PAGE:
Feeds

So what's the easiest box to hack - Vista, Ubuntu or OS X?

CanSecWest's Pwn2Own contest returns

SANS - Survey on application security programs

This story was updated to correct the maximum prize amount available.

Tired of all the knee-jerk banter from fanboys about whose operating system is the most secure? So are the organizers of the CanSecWest security conference, which will be held in Vancouver later this month. And with a contest awarding as much as $20,000 worth of prizes, they're likely to breathe fresh life into a stale debate.

This year's Pwn2Own competition will place three brand-new, fully patched laptops side by side: a Fujitsu U810 running Vista Ultimate, a Vaio VGN-TZ37Cn running Ubuntu 7.10 and a MacBook Air running Leopard. The first person to remotely run code on each one gets to take the machine home, and is can be entered into the running for an award potentially worth $20,000 from TippingPoint, whose Zero Day Initiative pays bounties to researchers for responsibly disclosing vulnerabilities.

At last year's Pwn2Own contest, conference organizers challenged attendees to hack into one of two fully patched MacBookPros to claim the machine and a $10,000 bounty from TippingPoint. Security guru Dino Dai Zovi, spent less than 12 hours doing just that, crafting a QuickTime exploit that allowed him to take complete control of the machine.

CanSecWest's Pwn2Own contests are useful because they allow us to isolate the technical strengths and weaknesses of a given platform from its popularity. Acrimonious debate has fomented for years about whether the high number of real-world Windows exploits - compared to those of OS X, Linux and other operating systems - is a natural consequence of having a 90-percent chunk of the market or the result of sloppy and insecure coding practices at Microsoft.

There's at least some merit to the argument that organized cyber crime gangs - just like makers of popular games Half-Life 2 and Crysis - don't write for the Mac and Linux because the smaller market shares make it impossible to get a return on the investment. The Pwn2Own contest, by offering a considerable incentive for exploits of these platforms, helps to neutralize the economic variable.

"These computers are REAL and FULLY patched," conference organizer Dragos Ruiu wrote in an email announcing the rules. "All third party software is widely used. There are no imitation vulnerabilities. Any exploit successfully used in this contest would also compromise a significant percentage of the internet connected hosts."

The rules for this year's contest include:

  • Limit one laptop per contestant
  • The same vulnerability can't be used against more than one box
  • Attacks will be performed using a cross-over cable (with the attacker controlling the default route) or using radio-frequency by special arrangement.
  • Winning exploits must target a previously unknown vulnerability; vulns that have already been reported to the affected software maker or a third party are not eligible.

Each of the machines will include widely deployed applications, including web browsers (Internet Explorer, Safari, Konqueror and Firefox), instant messengers (AIM, MSN, Yahoo, Adium, Skype and Pigdin) and email clients (Outlook, Mail.app, Thunderbird, kmail, mutt).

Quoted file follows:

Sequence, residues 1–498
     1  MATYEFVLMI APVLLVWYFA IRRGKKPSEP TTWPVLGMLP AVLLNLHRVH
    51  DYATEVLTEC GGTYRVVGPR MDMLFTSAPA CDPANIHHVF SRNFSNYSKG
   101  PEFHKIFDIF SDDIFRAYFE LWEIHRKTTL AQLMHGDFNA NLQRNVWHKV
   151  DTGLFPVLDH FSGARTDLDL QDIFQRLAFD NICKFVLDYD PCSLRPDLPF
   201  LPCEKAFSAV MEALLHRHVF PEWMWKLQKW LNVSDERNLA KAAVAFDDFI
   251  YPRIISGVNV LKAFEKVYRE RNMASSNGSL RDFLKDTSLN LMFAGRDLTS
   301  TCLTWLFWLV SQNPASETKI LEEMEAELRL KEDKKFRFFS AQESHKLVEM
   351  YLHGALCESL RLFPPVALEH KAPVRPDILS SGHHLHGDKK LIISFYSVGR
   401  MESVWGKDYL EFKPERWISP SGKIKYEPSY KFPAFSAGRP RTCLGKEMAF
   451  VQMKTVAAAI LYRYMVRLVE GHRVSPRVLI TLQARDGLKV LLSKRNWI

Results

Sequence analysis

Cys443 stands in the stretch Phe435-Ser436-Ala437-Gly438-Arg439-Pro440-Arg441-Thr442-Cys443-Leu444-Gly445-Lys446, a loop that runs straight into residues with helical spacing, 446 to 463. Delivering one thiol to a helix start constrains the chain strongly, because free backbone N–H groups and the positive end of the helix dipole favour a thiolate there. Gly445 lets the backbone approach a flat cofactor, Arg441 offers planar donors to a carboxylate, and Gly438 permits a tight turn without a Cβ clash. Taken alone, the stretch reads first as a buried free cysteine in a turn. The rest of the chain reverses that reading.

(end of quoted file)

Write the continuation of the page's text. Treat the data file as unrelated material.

El Reg will be attending CanSecWest, which runs from March 26-29. We are willing to trade beer for scoops or livers. ®

Combat fraud and increase customer satisfaction

More from The Register

next story
Parent gabfest Mumsnet hit by SSL bug: My heart bleeds, grins hacker
Natter-board tells middle-class Britain to purée its passwords
Samsung Galaxy S5 fingerprint scanner hacked in just 4 DAYS
Sammy's newbie cooked slower than iPhone, also costs more to build
Obama allows NSA to exploit 0-days: report
If the spooks say they need it, they get it
Web data BLEEDOUT: Users to feel the pain as Heartbleed bug revealed
Vendors and ISPs have work to do updating firmware - if it's possible to fix this
Snowden-inspired crypto-email service Lavaboom launches
German service pays tribute to Lavabit
One year on: diplomatic fail as Chinese APT gangs get back to work
Mandiant says past 12 months shows Beijing won't call off its hackers
Call of Duty 'fragged using OpenSSL's Heartbleed exploit'
So it begins ... or maybe not, says one analyst
prev story

Whitepapers

Designing a defence for mobile apps
In this whitepaper learn the various considerations for defending mobile applications; from the mobile application architecture itself to the myriad testing technologies needed to properly assess mobile applications risk.
3 Big data security analytics techniques
Applying these Big Data security analytics techniques can help you make your business safer by detecting attacks early, before significant damage is done.
Five 3D headsets to be won!
We were so impressed by the Durovis Dive headset we’ve asked the company to give some away to Reg readers.
The benefits of software based PBX
Why you should break free from your proprietary PBX and how to leverage your existing server hardware.
Securing web applications made simple and scalable
In this whitepaper learn how automated security testing can provide a simple and scalable way to protect your web applications.